A Lieutenant in the United States Navy during the Civil War, Wilson McGunnegle served on board the U.S.S. St. Louis, sadly dying of tuberculosis in Annapolis, Maryland later on during the conflict. He has one of what is easily the most fascinating monuments in the cemetery, adorned with multiple elements of his naval service and memento mori.
The ship and four cannons, adorning the four short sides of the octagonal base, are obvious, as well as the globe and rolled up maps, to Lt. McGunnegle’s profession.
If anyone knows if there is any additional significance to the crossed anchors and the crossed cannons in the two photos below, leave a comment.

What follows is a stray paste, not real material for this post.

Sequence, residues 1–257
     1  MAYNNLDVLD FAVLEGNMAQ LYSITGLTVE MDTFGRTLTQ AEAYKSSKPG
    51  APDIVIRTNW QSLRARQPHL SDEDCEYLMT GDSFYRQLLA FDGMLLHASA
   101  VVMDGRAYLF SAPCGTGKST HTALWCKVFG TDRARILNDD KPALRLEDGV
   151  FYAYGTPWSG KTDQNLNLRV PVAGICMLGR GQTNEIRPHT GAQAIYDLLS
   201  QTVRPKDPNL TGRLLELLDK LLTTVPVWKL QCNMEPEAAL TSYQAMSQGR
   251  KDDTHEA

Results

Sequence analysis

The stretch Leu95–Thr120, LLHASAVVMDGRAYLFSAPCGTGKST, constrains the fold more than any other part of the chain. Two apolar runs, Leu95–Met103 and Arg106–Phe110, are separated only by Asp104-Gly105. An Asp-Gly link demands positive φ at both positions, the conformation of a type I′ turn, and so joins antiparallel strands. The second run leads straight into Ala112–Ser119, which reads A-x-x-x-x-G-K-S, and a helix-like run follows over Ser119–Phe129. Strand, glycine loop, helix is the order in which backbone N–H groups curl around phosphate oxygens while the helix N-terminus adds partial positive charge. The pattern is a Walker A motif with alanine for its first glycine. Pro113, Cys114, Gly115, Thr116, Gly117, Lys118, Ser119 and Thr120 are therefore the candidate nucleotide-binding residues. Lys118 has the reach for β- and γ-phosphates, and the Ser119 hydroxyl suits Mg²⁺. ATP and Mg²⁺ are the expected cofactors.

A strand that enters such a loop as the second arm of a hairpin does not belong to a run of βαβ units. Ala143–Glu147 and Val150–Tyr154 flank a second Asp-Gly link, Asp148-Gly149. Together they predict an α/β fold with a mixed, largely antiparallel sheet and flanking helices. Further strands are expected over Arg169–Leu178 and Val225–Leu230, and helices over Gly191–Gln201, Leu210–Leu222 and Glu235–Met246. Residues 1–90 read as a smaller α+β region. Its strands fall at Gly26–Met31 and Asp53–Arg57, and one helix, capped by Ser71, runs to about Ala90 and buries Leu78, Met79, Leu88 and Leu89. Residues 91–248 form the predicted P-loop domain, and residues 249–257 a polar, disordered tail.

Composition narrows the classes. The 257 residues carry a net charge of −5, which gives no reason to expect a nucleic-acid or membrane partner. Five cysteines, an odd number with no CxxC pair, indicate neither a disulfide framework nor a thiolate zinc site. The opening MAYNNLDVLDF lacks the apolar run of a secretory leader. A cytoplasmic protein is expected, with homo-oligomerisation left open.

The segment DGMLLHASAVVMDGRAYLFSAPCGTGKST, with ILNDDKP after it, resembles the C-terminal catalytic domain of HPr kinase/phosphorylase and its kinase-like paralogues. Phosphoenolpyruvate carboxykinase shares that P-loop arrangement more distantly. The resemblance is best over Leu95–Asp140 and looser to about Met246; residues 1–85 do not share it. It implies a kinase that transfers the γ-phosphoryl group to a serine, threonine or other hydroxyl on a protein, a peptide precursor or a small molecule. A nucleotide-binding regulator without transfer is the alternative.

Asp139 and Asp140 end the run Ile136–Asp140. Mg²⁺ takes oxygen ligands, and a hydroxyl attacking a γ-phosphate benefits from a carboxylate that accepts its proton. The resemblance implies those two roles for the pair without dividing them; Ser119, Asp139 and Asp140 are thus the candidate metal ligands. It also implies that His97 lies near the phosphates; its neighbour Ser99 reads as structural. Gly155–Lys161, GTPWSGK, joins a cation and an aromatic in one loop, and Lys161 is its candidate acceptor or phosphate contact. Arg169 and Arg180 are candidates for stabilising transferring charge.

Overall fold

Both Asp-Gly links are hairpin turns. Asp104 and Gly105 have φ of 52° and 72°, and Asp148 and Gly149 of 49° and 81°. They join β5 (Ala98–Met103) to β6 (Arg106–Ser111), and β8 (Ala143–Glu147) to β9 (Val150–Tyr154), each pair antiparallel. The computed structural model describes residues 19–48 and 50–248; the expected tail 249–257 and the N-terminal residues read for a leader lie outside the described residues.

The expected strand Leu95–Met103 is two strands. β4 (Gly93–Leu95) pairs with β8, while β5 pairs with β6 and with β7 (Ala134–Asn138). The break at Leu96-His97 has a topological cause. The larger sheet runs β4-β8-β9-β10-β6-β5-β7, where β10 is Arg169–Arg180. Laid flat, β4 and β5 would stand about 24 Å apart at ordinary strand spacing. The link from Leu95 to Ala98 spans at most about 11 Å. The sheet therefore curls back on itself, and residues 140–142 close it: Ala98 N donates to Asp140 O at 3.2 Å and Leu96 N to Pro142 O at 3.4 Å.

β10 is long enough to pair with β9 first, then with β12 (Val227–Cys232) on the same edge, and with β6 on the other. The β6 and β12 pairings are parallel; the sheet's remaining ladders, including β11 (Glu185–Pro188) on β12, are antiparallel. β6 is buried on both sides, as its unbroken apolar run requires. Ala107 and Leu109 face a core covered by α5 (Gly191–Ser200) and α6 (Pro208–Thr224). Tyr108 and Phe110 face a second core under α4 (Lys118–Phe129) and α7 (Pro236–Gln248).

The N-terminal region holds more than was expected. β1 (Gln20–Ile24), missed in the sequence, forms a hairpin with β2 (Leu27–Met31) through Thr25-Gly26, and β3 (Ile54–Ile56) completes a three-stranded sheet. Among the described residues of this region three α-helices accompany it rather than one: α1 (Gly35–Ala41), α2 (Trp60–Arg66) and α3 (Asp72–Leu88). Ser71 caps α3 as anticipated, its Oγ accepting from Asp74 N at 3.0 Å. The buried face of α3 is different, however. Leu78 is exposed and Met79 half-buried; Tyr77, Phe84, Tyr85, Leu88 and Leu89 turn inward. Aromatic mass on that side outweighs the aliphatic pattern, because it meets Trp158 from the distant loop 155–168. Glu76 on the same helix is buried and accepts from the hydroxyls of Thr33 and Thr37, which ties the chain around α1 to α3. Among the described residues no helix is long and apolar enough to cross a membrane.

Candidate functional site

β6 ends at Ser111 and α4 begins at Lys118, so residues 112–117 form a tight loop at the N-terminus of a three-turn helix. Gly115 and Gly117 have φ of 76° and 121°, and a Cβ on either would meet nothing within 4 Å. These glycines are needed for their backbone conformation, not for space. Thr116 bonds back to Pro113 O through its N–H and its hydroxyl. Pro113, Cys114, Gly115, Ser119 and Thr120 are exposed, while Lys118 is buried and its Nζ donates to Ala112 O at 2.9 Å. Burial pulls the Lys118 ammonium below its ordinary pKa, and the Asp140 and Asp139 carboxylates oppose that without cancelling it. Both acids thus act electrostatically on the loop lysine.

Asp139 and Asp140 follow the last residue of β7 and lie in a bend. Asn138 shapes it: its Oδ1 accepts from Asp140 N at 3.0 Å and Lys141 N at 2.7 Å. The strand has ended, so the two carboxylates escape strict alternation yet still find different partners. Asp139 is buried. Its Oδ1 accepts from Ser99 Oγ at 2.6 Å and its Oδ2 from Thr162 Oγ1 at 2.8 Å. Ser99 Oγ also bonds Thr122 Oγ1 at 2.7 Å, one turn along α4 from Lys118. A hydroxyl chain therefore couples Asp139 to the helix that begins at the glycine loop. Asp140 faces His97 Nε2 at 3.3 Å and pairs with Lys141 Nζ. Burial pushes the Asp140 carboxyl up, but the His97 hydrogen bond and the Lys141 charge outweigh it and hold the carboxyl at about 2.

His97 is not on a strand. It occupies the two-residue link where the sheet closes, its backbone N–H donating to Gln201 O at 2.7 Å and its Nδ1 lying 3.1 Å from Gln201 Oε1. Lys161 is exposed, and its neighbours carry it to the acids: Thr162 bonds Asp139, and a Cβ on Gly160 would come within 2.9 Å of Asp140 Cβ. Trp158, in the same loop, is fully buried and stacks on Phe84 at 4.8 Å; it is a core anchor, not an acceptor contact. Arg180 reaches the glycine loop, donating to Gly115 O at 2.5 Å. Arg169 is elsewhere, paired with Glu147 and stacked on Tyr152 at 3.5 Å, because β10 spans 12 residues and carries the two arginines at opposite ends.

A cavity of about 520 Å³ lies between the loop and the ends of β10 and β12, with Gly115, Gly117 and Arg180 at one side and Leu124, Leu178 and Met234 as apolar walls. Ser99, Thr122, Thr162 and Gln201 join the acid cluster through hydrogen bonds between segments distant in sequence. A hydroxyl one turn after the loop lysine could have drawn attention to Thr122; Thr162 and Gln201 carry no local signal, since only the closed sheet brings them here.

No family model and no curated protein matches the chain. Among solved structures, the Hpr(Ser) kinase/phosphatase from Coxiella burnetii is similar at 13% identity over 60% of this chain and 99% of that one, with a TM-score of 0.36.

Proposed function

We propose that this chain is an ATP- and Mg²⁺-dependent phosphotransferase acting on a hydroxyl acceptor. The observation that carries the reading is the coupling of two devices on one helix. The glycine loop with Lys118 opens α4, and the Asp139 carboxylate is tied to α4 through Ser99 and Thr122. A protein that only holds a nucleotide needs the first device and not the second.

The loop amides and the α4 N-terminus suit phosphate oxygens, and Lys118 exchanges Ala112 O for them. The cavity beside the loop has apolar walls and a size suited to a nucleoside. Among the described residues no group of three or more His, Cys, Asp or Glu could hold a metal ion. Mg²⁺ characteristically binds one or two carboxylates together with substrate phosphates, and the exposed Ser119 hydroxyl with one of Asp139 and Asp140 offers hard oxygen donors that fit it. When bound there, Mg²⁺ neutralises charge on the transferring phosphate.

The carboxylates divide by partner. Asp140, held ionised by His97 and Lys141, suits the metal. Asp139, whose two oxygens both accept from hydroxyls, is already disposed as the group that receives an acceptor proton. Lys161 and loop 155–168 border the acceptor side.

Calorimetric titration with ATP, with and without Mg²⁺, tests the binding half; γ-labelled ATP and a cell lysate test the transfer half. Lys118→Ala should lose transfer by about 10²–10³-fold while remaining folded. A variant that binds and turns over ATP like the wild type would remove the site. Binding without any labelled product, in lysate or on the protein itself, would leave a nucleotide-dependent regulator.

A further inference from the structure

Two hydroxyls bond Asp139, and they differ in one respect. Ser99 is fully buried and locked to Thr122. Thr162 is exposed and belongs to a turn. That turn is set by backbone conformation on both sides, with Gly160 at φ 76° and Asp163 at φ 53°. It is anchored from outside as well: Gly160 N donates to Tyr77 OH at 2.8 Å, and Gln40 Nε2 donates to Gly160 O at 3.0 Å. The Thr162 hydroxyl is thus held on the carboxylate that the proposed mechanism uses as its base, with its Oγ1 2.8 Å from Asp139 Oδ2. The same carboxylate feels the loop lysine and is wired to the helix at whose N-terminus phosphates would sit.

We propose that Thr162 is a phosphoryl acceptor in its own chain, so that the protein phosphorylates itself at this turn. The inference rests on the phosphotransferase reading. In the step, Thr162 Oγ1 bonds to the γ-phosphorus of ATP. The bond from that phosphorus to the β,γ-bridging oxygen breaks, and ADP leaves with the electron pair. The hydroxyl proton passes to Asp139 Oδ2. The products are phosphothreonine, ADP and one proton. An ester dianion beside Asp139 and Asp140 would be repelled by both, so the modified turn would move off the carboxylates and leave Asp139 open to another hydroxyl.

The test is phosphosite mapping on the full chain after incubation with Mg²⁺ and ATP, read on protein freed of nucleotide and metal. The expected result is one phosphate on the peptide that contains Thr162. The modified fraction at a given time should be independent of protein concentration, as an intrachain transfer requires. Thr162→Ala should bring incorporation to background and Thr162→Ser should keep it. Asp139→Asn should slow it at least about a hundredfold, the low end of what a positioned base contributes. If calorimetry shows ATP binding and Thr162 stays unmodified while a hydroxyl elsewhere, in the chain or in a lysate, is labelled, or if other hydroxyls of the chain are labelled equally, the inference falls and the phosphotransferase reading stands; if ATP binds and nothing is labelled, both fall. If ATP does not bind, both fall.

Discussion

The crossed swords seem to be a symbol of combat, but the dropped, upturned pistol below is a mystery to me. What does it mean?
The candle snuffers are usually a symbol of a life snuffed out, but here they are discarded, and mixed among cannonballs, it appears.
The lighthouse has obvious naval connotations, but it has Christological ones, as well.
The last panel shows cannons on a gun deck, their noses pointed out of their firing holes, ready for combat. On the left, a ladder leads to the top deck.
Sadly, the limestone is badly eroded, as it is wont to do, but his name is still legible.